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Thursday 08 October 2015

Sustainable Development News

opzioni binarie con windows phone 8 Sustainable development news from around the world with a focus on Australia and New Zealand.
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speed dating kokemuksia Almost two-thirds of climate fund for developing nations already pledged
Rich countries and businesses have provided close to two-thirds of the financial assistance pledged to poorer nations as part of the global climate change negotiations, ahead of the Paris conference this December. The finding by the Organisation for Economic Co-operation and Development (OECD) is a further clearing of the path to an agreement in Paris, as it helps countries to judge whether pledges made at previous meetings can be trusted.

elba's intraday trading system Five things active monitoring will tell you about your solar PV panels
With the surge in solar system installations over the past five years, there is growing interest in performance and system quality. As a result, new monitoring systems are entering the market but, just as the quality of solar panels varies, monitoring systems range from cheap gimmicks to highly advanced product offerings. Choosing an advanced monitoring system gives home owners peace of mind and will save them money year after year, while retailers can offer maintenance support, energy efficiency, and system upgrades. What should you be looking for in monitoring solutions?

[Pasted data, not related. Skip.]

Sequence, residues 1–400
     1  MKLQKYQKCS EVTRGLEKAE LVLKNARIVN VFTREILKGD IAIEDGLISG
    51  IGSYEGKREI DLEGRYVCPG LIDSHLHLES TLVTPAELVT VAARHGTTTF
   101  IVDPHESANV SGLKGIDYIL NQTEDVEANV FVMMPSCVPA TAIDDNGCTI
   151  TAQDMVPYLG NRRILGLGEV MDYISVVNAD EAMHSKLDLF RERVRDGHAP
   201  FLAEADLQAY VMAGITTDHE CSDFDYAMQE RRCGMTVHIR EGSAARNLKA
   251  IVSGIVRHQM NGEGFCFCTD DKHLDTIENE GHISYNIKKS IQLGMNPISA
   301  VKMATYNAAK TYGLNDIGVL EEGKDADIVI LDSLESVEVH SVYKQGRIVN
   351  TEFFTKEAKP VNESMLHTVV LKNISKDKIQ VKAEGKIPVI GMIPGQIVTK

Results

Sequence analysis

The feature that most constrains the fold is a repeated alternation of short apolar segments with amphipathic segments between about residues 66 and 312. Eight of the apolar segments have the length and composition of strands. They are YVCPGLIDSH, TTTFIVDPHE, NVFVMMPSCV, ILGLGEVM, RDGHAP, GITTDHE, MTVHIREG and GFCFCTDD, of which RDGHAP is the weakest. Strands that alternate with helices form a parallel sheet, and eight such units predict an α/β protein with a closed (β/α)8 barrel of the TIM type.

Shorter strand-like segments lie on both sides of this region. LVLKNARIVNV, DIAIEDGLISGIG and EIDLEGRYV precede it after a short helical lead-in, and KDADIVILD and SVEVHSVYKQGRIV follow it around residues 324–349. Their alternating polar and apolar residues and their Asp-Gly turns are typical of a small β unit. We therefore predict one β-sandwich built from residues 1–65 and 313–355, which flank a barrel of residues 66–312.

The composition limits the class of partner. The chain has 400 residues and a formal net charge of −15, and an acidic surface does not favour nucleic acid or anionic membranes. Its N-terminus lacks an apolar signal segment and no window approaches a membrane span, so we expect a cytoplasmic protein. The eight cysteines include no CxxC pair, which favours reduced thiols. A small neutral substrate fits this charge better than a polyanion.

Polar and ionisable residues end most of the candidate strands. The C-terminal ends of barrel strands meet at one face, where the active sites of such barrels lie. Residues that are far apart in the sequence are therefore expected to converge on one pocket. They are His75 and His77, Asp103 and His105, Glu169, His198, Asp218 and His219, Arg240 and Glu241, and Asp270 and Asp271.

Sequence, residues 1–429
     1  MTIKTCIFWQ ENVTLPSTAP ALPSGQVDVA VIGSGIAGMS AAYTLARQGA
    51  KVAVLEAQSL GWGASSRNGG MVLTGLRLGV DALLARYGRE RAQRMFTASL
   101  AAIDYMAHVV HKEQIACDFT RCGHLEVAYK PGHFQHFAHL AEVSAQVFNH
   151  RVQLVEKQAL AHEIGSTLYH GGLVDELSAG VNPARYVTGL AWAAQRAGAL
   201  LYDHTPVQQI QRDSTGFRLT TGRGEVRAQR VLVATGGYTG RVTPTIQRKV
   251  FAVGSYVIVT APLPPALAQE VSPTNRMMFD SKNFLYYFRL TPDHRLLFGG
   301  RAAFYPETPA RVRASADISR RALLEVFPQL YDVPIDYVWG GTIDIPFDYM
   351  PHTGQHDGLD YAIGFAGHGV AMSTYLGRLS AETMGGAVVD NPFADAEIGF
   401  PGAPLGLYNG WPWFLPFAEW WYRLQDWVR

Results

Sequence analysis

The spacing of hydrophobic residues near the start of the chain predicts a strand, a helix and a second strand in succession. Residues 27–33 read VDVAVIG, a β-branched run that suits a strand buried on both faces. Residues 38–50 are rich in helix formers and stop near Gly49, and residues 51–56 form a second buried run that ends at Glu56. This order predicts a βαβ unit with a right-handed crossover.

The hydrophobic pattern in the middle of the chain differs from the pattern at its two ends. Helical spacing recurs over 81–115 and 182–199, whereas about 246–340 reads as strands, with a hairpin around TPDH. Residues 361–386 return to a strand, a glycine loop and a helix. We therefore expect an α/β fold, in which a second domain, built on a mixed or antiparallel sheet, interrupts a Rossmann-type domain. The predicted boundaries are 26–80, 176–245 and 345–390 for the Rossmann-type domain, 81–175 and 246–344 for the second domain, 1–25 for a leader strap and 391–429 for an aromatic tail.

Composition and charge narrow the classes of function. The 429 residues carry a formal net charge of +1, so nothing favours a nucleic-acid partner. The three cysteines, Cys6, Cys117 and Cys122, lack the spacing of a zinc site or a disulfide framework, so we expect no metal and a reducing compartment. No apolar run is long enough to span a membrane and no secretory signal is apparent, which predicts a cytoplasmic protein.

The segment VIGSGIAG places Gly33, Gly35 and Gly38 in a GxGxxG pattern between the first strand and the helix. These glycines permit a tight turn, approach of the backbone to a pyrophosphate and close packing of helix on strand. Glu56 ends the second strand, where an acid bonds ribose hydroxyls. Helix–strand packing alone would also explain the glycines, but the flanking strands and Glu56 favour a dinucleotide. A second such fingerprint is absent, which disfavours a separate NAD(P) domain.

buy Seroquel without a prescription online Renewable energy plan launched in Uralla
AUSTRALIA – A model to help towns plan a transition to 100 per cent renewable energy consumption has been launched on the New South Wales Northern Tablelands. Environment Minister Mark Speakman launched the plan in Uralla. Representatives from the town have been working on the Zero Net Energy Town Blueprint, a document that aims to guide towns as they move ‘off the grid’ and become energy self-sufficient, for over a year.

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Retailing giant Aldi is installing a 92.3kW solar system on its retail store in Tweed Heads, in northern New South Wales, in what could be the start of a widespread roll-out of solar PV on its Australian stores… Oliver Hartley, the head of solar power systems and energy consultancy Epho, which is doing the Tweed Heads project, says that the installation is a sign that the commercial part of the solar rooftop market is maturing, and recognising the ability to offset significant amounts of electricity demand.